PowerShell vs CMD: Unlocking the Power of Windows

We explore the power of Powershell and why it's a worthy successor to the command line interface

Windows PowerShell, as its name suggests, is a powerful automated task framework from Microsoft. The tool, which debuted alongside Windows 7, includes more than 130 standard command-line tools for functions and enables administrators to perform tasks on local and remote Windows systems.

It may be more complicated, but PowerShell's functionality is far more advanced than Microsoft's previous command-line interfaces (CLIs). These began with command.com, which was the interpreter for MS-DOS and the shell in Windows 9x systems. Microsoft superseded this in Windows NT with CMD.exe, which added features like better error messages, command line completion, and native access to the command history.

PowerShell began as a project called the Microsoft Shell (AKA Monad) in 2002, but it wasn't until 2006 that the company renamed it and integrated it into Windows 7. Since then, PowerShell has been an integrated component in the Windows OS. Although CMD.exe coexists with PowerShell, its influence is gradually eroding. Microsoft officially replaced it with PowerShell as the default command shell accessible from File Explorer in November 2017.

So why the shift to PowerShell?

CMD.exe was a limited tool. You could use it to run basic administrative commands on a machine, but you couldn't manage 400 at once, nor could you manage things remotely, such as virtual servers in the cloud. 

Though CMD.exe doesn't do those things, PowerShell supports add-on functionality to manage machines in Microsoft's Azure cloud, such as creating, controlling, and monitoring virtual machines, and configuring cloud storage.

Jeffrey Snover, the head of the PowerShell project team, designed the tool as the missing link between Microsoft's GUI-based administrative tools and the rich set of application programming interfaces (APIs) that expose the company's .NET framework.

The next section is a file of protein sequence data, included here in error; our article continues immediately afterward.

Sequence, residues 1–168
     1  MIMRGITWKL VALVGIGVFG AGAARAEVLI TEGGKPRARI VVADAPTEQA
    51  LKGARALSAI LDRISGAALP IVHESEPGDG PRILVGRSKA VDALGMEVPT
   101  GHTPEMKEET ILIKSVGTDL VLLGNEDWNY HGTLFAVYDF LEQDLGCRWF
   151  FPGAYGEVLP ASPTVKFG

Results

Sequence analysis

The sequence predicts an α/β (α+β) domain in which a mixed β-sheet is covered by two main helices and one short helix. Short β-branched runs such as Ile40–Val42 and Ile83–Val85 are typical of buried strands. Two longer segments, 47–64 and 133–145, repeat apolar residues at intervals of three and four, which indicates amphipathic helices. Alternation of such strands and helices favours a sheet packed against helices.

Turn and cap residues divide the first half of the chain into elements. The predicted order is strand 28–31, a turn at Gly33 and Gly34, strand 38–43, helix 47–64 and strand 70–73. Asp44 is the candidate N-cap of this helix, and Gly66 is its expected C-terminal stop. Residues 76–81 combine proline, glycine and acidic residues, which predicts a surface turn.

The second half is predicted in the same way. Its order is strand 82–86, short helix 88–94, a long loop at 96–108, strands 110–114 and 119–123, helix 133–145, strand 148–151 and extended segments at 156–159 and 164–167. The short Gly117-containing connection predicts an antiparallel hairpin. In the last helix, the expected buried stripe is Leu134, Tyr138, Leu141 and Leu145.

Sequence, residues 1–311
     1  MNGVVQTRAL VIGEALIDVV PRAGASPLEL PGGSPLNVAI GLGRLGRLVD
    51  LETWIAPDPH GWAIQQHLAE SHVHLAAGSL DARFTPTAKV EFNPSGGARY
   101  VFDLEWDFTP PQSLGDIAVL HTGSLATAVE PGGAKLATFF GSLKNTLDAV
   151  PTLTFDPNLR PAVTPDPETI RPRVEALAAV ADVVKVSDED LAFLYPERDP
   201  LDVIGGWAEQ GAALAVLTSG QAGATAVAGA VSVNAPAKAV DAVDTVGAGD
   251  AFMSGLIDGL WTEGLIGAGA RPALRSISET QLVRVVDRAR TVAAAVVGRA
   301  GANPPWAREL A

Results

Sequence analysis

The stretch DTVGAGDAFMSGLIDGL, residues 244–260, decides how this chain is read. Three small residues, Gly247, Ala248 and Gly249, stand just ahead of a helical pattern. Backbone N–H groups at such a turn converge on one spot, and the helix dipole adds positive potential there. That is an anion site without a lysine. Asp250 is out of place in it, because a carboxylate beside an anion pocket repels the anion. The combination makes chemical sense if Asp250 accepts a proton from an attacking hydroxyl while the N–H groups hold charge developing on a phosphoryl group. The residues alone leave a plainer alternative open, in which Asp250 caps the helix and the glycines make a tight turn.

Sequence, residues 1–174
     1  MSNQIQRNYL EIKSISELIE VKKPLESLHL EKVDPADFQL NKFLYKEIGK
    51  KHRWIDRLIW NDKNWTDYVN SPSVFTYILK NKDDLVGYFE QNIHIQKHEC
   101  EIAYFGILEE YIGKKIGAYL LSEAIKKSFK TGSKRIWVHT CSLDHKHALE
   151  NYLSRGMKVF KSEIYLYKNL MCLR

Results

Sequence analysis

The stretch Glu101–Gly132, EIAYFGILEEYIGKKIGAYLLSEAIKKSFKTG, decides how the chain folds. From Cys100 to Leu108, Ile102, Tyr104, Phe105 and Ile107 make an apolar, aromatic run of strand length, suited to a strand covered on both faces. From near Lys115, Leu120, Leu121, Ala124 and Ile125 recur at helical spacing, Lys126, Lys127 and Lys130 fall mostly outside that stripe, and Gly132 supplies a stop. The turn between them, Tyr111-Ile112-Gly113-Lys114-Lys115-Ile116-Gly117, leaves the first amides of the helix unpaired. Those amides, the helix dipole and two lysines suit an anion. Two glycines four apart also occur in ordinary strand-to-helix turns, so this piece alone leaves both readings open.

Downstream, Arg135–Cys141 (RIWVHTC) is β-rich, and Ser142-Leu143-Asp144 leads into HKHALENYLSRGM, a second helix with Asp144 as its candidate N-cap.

He wanted a single command-line tool to support both developers and administrators. In this sense, PowerShell was one of the first forays into what became DevOps, a practice that promotes collaboration between developers and operations teams.

What can PowerShell do? 

Unlike CMD.exe, PowerShell is an object-oriented tool. Objects are representations of items like files and directories that have their own properties and actions that you can call upon in the CLI. PowerShell understands everything in Windows as an object but also lets you create your own object types.

PowerShell enables admins to get at these objects using more sophisticated commands than you'll find in CMD.exe. One of the tool's key innovations is its use of commandlets (CMDlets). These are small programmes (as little as a dozen lines of code) that can carry out specific tasks using .NET's APIs. They can execute an object's methods, query and change its attributes, and return objects as their results.

CMDlets come in a simple verb-noun form and enable you to get things done quickly. For example, typing Get-Member gives you information about an object, like its properties or attributes.

Get-Member won't do much on its own, though. You need a pipeline, another thing that wasn't available in CMD.exe. Unix and Linux users have enjoyed pipelines for decades, and it's just one command that PowerShell supports from the Bash shell that's common to those systems.